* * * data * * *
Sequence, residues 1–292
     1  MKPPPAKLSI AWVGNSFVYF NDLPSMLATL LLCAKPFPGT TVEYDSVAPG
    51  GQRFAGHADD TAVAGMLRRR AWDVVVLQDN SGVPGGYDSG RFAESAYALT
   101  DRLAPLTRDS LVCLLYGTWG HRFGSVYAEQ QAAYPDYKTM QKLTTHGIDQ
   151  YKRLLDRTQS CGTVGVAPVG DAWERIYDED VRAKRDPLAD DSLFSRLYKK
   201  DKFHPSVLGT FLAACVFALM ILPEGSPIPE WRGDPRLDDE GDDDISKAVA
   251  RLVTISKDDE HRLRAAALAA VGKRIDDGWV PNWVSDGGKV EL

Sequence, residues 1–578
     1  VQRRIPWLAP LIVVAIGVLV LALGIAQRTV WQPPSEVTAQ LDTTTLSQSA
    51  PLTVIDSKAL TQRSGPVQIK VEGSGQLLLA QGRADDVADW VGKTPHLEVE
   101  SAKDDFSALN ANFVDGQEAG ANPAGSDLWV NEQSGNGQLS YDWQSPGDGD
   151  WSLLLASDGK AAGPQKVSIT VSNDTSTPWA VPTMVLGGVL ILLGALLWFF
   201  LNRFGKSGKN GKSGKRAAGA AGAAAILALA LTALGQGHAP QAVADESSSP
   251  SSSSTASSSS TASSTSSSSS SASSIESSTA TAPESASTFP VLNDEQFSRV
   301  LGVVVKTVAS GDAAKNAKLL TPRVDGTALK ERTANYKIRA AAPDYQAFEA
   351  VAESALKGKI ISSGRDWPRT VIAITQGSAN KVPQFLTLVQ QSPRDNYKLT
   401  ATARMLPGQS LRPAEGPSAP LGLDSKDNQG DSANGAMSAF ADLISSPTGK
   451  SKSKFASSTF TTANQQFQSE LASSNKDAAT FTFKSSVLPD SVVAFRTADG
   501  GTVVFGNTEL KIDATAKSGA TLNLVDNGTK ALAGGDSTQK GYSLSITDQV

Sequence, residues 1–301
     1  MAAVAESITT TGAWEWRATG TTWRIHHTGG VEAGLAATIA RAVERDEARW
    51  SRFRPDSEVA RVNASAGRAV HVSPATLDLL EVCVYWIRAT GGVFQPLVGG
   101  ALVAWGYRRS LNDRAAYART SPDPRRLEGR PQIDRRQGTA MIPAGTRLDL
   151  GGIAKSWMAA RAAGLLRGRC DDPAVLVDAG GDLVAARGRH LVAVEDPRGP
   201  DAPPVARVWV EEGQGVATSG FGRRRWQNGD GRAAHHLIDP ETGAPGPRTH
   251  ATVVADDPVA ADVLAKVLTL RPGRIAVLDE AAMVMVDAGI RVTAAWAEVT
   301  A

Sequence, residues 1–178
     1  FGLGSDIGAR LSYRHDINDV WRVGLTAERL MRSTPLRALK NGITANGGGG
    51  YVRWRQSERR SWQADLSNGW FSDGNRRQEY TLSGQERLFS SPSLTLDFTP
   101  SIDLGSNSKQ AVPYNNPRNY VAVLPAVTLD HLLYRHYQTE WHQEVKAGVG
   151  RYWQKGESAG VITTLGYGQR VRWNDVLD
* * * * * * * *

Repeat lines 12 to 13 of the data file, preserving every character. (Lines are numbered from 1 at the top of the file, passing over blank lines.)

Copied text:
   151  WSLLLASDGK AAGPQKVSIT VSNDTSTPWA VPTMVLGGVL ILLGALLWFF
   201  LNRFGKSGKN GKSGKRAAGA AGAAAILALA LTALGQGHAP QAVADESSSP